Making Biosurfactants Economically Viable

Making Biosurfactants Economically Viable

reducing the use of fossil fuels and making chemical products that are less toxic Long term goals for the chemical industry, But is it economically viable?

There has certainly been a substantial investment in manufacturing of daily chemicalssuch as surfactantswhich are not only made of Renewable feedstock but also biodegradable,

Potential feedstocks for biosurfactant production and its advantages over petroleum based raw materials.

preliminary results Produced surfactant made from a mixture of petroleum and bio-based raw materials, These were later developed into products made entirely from natural sugars, but required bio-feedstocks from tropical climate. import of such foreign raw materials Add your own carbon footprint.

Recently, researchers have found biological agents such as the bacterium Pseudomonas aeruginosa LBI strain, which can produce glycolipid biosurfactants (sophorolipids) or rhamnolipids From European or North American grown corn or sunflower oil.

However, the challenge of achieving economically viable industrial production still remains. as Mentioned in a study“There are many Glycolipid Biosurfactants (Sophorolipids) Manufactured in large quantities and sold on the market for between $2 to $5 per kilogram. However, even with Increased demand for eco-friendly microbial surfactantsIt remains difficult to produce them at a cost-effective price, which hinders their wide market acceptance. ,

Competitive Pricing of Biosurfactants in the Detergent Market limited due to their higher prices than synthetic surfactant Which is usually half the price.

In particular, the report states that the cost of mass production, “Sophorolipid and Rhamnolipid BiosurfactantsAbout US$ 2.5/Kg and US$ 5/Kg, compared to US$ 1/Kg respectively Synthetic Alkyl Polyglycoside Surfactant,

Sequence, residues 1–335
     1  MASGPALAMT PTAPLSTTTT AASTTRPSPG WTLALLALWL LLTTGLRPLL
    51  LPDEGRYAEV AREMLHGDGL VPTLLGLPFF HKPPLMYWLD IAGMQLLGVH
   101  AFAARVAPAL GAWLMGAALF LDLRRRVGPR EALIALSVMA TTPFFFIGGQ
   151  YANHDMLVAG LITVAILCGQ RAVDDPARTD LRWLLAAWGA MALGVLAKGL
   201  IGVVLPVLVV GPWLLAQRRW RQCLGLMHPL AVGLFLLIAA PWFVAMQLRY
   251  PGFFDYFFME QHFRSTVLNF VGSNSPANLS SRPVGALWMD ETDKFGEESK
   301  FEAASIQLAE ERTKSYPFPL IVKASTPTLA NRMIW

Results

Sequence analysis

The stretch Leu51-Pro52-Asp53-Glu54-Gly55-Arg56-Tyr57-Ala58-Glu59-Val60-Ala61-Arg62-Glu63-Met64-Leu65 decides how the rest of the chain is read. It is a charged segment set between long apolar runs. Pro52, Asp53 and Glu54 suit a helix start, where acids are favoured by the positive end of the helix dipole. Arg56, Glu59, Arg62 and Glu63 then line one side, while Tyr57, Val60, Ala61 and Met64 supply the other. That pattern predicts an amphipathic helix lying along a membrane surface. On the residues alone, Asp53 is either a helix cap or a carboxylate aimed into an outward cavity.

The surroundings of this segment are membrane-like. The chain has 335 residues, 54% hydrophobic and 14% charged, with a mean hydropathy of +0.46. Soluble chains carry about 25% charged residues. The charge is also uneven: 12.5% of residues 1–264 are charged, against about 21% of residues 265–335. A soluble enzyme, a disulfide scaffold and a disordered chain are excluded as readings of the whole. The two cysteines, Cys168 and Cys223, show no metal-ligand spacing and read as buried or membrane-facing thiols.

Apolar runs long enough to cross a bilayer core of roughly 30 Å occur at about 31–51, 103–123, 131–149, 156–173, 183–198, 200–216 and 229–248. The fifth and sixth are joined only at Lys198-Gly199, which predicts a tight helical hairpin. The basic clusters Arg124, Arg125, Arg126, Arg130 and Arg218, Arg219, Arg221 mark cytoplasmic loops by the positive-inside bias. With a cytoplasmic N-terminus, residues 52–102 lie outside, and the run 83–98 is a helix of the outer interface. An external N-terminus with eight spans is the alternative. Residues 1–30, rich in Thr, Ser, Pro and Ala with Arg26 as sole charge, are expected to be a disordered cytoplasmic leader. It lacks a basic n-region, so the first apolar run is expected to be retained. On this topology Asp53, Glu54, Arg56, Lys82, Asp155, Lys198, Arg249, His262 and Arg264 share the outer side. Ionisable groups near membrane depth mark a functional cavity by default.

However, since the publication of that report, chemical industry has analyzed ways to improve production efficiency and lower costs. This has been achieved by identifying new hyper-productive microorganisms, improving downstream processing, genetically modifying production strains, using waste or others. low cost raw materialOptimizing media and growth conditions, and capturing multiple by-products.

Progress in these areas has allowed many facilities to be launched successfully. Production of biosurfactants which are competitively priced in the market,

An example is the start-up HolyFarm affiliated with the University of Manchester, which recently announced Construction of a “new commercial plant” [which] Will Produce 1,100 tons of biosurfactants per year for global supplyInitially focusing on sophorolipid production for Holifarm’s existing customers and distributors, such as MixCleanGreen, Starbrands, Azelis and Eurosyn.

However, this $7 million investment is less than the funding Evonik provided to transform its Slovenskásupa site in Slovakia, which it says is “a commercial pioneer.” High Quality, Durable BiosurfactantsThe facility previously used a biotech-process to produce amino acids for animal feedbut now hopes to reconfigure the site into a strategic Biotechnology hub.

“We invest more than €400 million per year in our research and development,” says Harald Schwager, Chief Innovation Officer of Evonik. “Travel rhamnolipids It’s been a long time from initial idea to finished product, but it’s worth it. ,

Evonik Biosurfactant Plant at the Slovenskasupa site in Slovakia. with the permission of evoniki,

In doing so, the company has created a Economically viable facility for manufacturing a range of fermentation-based products For applications in animal nutrition, pharmaceutical productsAnd this Cosmetic and personal care industry,

The investment comes from Evonik’s Nutrition and Care Life Sciences Division which has a declared target “To increase its share of system solutions from 20% today to over 50% by 2030.”

most importantly, Biosurfactants Produced in Slovenskapse The site has already found success with consumers, including Unilever. Biochemistry in various products Like washing up liquid.

As Peter Deckers, Unilever’s Executive Vice President Central Europe, explains, “rhamnolipids are an important part of our Clean Future initiative which has set the goal of replacing fossil carbon in all cleaning products by 2030. We want to make sustainability easy for everyone who uses our products. The partnership with Evonik helps our brands move away from fossil fuels without compromising on performance or affordability. ,

its purpose is Maintaining a good cleaning product at a competitive price Without the use of fossil fuels which is what makes projects like this so worthwhile. Production of biosurfactants on an industrial scale A significant change for those who are economically viable chemical industry, But more importantly, there is a better way to clean it.


photo Credit: flamebo on pixels, merlix bredaAnd evonikiAnd Pixabay

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